May 13, 2015

The tax benefits of hiring your kids

Children are a blessing, but how quickly they grow up. From that sweet, tiny face that would run to meet you at the door, to the teen that might give you a quick hello before heading back into their room.  Kids grow up and spread their wings, and as parents, we still want to influence them, instilling in them good decision-making skills and a strong work ethic. One way for business owners to do so is to gainfully employ your own offspring.

And fortunately, there are tax benefits from hiring your kids, too.

The hiring process

Your 9-year-old who still thinks your lunch box notes are cool might jump at the chance to accompany you to the office.  Your 15-year-old may laugh when you propose the idea– until you tell him what he’s capable of earning and that he will be treated like the rest of the professionals on payroll.

You can pay your child age 17 or younger up to a tax free sum of $6,300 per year, saving you $2,079 in taxes in the 33 percent bracket. Conveniently, tax deductions are in the bank just before fall semester tuition is due.  Tax benefits from hiring your kids only apply to children younger than 18.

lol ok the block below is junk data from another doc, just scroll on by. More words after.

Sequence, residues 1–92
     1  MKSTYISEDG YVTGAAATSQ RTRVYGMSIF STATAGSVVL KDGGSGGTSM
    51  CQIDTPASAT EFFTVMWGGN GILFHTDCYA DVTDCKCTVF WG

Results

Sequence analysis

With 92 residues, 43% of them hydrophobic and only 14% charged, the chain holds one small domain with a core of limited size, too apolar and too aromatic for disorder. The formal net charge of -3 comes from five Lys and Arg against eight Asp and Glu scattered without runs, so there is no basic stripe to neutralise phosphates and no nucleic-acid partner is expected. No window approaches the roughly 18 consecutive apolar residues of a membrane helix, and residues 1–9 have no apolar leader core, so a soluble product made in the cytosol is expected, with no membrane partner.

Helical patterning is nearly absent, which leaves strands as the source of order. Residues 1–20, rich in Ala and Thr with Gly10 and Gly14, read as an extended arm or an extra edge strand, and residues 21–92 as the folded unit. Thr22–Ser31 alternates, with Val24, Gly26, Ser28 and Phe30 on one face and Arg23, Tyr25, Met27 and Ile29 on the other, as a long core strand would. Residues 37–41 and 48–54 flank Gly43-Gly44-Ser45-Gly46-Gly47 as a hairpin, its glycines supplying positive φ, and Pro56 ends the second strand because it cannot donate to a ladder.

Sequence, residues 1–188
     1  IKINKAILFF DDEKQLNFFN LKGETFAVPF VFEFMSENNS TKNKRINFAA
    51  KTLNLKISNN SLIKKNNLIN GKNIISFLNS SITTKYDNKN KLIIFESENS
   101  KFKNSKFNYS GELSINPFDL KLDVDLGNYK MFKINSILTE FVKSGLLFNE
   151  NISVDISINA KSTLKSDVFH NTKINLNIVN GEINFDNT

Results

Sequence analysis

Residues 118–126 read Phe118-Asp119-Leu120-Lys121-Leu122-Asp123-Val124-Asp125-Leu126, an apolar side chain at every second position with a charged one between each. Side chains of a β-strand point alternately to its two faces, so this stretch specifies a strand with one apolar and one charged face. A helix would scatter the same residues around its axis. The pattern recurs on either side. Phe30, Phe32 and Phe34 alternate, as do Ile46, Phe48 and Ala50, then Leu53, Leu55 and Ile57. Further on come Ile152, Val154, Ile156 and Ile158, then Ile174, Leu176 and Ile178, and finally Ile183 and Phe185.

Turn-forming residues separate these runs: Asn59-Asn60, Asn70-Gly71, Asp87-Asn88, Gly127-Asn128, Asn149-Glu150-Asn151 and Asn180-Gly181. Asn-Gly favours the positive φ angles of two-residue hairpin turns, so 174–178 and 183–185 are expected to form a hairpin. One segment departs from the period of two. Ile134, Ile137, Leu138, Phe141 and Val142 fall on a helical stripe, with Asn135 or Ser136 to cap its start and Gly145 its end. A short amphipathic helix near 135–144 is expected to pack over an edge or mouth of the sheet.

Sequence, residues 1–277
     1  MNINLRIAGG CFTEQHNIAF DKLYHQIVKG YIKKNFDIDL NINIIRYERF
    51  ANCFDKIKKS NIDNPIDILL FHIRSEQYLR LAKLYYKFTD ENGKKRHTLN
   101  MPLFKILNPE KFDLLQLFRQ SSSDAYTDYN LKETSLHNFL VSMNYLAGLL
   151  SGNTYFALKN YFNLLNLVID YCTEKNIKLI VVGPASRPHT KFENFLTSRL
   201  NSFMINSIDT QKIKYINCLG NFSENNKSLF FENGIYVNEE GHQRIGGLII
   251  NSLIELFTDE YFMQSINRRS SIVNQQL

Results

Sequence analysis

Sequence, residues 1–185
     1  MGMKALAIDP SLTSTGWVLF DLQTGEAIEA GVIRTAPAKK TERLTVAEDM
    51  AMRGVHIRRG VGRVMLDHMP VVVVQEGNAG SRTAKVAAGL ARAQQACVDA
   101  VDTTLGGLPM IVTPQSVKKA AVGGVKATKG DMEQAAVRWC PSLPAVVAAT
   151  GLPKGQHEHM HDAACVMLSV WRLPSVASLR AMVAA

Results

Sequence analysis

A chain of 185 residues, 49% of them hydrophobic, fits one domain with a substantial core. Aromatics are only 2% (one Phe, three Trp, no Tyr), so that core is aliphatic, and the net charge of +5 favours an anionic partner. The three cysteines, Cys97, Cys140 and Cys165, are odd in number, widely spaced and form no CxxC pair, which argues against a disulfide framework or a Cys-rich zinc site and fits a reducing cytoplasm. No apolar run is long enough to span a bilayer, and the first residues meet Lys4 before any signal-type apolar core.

If you pay a child an additional $5,500 per year, either through a pay raise or additional hours, the extra earnings can be deposited into a traditional IRA for your child and will be tax-deductible. This is a great way to teach the importance of saving and to demonstrate that money does more than buy gas and new jeans- you know, the ones that already come with holes.

By the way, business owner, you just saved $3,894.


If tuition costs are on your mind, and if you would like to compensate your child beyond the $11,800 outlined in the two options above, you can set up a section 529 Qualified Tuition Program. Involving children in their future is a brilliant way to teach them about costs and a positive relationship between time and money.

Although these contributions are not deductible, you can still save out of pocket expenses by paying your child versus paying yourself.


When it’s a fit for your business and your family, offering this experience to your child is priceless. You keep your full gift and estate tax exemptions, and your child gains the knowledge of planning and contributing to his or her future at an early age.